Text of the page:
But Compatriots, sad as they may be, heartbreaking as they are, these were just skirmishes in a potentially long drawn-out war. It does not make strategic sense to lose the war because of misguided acts of revenge that provide opportunity for the inevitable psychopaths and sociopaths within the security forces to freely exercise their deviant tendencies. It does not make sense to alienate a populace that could be an invaluable source of intelligence to pre-empt future attacks and acts of terror. It does not make sense to wantonly destroy property and livelihoods ‘teaching a lesson’ to pupils that are in all likelihood not even in that classroom at the time of teaching the lesson! It does not make sense that so many Kenyans find the action by our security forces in Garissa following that incident excusable, even acceptable. It is even more scary that so many Kenyans support the acts of the hooligans that attacked ethnic Somalis in Eastleigh in Nairobi following the terrorist attack in the city! Every Kenyan that believes in the rule of law, that believes that an individual should only be punished for their personal breaches of the law and nothing else, should hung their head in shame and grief at these events.

“Every time we witness an injustice and do not act, we train our character to be passive in its presence and thereby eventually lose all ability to defend ourselves and those we love.” Julian Asange, Wikileaks Founder

Modern counter-insurgency is first and foremost a battle for hearts and minds. It is a battle fought in the cognitive and normative realms just as much as in the physical theatre of war. The soldier or government seeking to exterminate insurgents must have the people on their side; they must clearly show the people that the insurgent is a common enemy, a danger to both parties. The insurgent often has an advantage – arising from a shared culture, a shared faith, shared grievances and possibly shared aspirations. When he who seeks to defeat the insurgent punishes the entire community for the acts of the insurgent, they are in effect winning the war for the insurgent – they are winning new recruits for the insurgent, disseminating his propaganda for him, providing incontrovertible proof for the insurgent’s disinformation and misinformation. A counterinsurgency operation that is built on brute force and collective punishment is therefore one that loses the people’s hearts and minds, one that serves the insurgent, one that loses the war!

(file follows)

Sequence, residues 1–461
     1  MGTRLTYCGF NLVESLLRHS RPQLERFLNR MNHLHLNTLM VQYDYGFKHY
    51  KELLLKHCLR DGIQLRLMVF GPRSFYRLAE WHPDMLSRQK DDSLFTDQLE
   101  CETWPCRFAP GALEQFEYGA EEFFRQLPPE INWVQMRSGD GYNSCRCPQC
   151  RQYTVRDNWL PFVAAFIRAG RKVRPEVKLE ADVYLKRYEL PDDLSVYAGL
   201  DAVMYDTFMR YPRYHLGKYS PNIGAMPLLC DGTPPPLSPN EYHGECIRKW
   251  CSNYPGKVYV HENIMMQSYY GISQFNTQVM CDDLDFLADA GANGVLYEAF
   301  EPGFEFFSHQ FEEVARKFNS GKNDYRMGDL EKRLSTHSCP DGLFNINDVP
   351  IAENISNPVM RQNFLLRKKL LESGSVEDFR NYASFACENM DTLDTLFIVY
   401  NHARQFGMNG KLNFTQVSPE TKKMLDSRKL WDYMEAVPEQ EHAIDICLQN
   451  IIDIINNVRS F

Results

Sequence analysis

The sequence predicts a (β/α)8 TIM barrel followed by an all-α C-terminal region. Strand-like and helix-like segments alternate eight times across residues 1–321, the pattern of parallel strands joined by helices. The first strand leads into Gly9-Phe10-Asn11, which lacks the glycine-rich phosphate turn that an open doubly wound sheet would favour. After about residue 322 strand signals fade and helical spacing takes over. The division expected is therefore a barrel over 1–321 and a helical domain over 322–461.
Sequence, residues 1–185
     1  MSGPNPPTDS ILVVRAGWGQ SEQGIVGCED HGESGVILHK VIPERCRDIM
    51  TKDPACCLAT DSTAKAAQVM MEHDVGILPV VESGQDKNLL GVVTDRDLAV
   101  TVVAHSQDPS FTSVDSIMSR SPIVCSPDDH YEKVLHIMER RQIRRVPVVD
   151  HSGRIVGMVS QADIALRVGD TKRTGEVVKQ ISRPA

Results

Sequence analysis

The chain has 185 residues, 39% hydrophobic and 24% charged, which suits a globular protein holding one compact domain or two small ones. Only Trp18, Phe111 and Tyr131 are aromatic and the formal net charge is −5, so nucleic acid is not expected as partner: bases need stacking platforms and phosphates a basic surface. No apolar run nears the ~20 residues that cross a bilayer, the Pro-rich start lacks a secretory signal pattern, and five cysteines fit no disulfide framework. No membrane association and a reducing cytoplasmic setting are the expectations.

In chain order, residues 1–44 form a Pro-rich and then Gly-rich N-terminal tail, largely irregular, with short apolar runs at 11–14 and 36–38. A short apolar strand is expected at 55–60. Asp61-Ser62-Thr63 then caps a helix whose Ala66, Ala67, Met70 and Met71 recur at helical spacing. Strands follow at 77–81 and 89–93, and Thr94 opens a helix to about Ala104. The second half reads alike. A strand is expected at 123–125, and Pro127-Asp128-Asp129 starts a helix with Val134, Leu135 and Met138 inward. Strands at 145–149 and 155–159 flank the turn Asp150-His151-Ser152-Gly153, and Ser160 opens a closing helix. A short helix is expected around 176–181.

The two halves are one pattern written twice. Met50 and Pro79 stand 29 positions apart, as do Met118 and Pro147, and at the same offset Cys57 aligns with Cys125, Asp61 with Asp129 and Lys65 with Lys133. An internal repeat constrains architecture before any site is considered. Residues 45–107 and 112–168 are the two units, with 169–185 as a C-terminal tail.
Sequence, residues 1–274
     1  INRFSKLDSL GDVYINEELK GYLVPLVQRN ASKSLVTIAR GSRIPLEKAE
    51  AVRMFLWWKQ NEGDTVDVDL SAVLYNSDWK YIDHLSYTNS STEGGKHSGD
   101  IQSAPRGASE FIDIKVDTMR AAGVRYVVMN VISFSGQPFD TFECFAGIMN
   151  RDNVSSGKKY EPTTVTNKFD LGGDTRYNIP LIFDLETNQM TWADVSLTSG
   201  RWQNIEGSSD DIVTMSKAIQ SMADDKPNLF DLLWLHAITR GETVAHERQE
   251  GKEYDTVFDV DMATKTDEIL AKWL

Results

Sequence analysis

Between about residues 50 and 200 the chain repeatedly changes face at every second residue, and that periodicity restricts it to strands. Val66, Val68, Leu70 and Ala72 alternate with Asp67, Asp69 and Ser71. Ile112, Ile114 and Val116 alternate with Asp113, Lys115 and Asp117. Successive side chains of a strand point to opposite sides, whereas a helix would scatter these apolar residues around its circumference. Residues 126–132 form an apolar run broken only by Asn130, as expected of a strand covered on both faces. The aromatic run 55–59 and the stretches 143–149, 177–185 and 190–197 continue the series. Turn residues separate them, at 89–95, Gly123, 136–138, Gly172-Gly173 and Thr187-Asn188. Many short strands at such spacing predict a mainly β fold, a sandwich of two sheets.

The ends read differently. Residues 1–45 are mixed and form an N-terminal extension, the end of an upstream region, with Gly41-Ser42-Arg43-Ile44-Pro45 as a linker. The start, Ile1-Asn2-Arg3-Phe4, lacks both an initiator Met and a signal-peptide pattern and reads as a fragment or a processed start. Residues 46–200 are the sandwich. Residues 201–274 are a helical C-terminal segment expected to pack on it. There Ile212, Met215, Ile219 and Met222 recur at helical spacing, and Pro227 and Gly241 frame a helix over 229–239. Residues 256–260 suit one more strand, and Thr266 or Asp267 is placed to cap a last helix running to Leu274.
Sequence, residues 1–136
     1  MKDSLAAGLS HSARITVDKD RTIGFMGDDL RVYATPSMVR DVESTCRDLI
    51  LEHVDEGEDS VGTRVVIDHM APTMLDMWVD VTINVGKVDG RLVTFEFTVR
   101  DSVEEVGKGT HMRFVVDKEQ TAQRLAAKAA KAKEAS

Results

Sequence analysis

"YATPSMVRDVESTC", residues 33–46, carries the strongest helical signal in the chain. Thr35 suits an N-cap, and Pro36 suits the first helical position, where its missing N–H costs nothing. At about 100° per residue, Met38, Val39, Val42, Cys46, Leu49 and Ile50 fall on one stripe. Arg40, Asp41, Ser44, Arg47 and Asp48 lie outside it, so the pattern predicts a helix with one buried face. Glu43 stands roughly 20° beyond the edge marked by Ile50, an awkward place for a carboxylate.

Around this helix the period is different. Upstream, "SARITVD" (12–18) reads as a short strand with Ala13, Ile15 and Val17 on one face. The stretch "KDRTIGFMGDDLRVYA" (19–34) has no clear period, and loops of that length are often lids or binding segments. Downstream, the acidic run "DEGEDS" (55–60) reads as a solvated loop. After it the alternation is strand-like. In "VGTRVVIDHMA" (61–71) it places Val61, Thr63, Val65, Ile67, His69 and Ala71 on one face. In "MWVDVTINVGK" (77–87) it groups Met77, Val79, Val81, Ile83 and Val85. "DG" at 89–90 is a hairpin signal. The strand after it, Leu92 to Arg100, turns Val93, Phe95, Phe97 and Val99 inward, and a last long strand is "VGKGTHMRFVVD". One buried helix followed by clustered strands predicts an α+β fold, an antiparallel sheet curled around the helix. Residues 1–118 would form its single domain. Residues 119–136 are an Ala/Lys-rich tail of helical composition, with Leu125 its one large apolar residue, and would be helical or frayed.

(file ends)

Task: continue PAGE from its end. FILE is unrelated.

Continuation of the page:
Above all, the rule of law cannot be achieved through acts of lawlessness by officers of law. Our security agencies are not exempt from the law, they are in fact expected to religiously abide by it! The kind of brutal knee-jerk reaction witnessed in Garissa is the hallmark of rag-tag, drug-sodden, blood-thirsty irregulars led  by genocidal warlords, NOT a professional outfit like the Kenya Defence Forces! You do not enforce the law by breaking the law; you do not restore order by creating chaos and anarchy; you absolutely do not claim to be punishing the guilty when you torture, rob and rape the innocent; you do not fight terrorism by employing the methods of the terrorists! You cannot punish an entire community for the crimes of a few who may or may not be from that community. Indiscriminately violating the fundamental human rights of Kenyans because other errant Kenyans, and indeed quite possibly hostile non-Kenyans, killed Kenyan security agents and citizens is something all right-thinking Kenyans must condemn. We must demand that the perpetrators be held to account – the perpetrators and those that facilitated their crimes, not an entire community that is by dint of ‘easy solutions’ and pedestrian reasoning assumed to be their supporters or fellow travelers! If there are people in Garissa and Eastleigh harbouring these criminals, let them be dealt with to the full extent of the law – but them and only them, not every member of their community.

The doctrine of mass or community punishment entrenches hate and bitterness, subverts the cause of justice, and aggravates a bad situation. If community punishment is indeed the primitive standard by which our laws are enforced, let us wipe out all the people of Kwale, Kilifi and Mombasa because of the acts of MRC; let us vapourise all the people of Tana River for daring to harbour human vermin that kill Police Officers; let us kill all that moves, both human and beast, in Turkana and Samburu to avenge the deaths of those 42 security officers; let us exterminate all the people of Kiambu, Murang’a, Nyeri, Kirinyaga, Nyandarua, Nakuru, Laikipia and Nairobi for the crimes of Mungiki; let us commit genocide in Kisumu for the crimes of the Baghdad Boys, Marines and Chinese gangs; let us live nobody alive in Mt Elgon and Trans-Nzoia for the crimes of the Sabaot Land Defence Force! Indeed let us take it a step farther – let us write into the law that all Kikuyus are thieves and incurably ethnocentric; that all Luos are proud, arrogant and lazy; that all Coastal peoples are ignorant and backward; that all Kisiis and Merus are hot-headed and emotional! Let us legitimise all stereotypes and ethnic insults! Once we have done that, we can in all honesty say that what happened in Garissa and in Eastleigh is fair, legitimate and justifiable!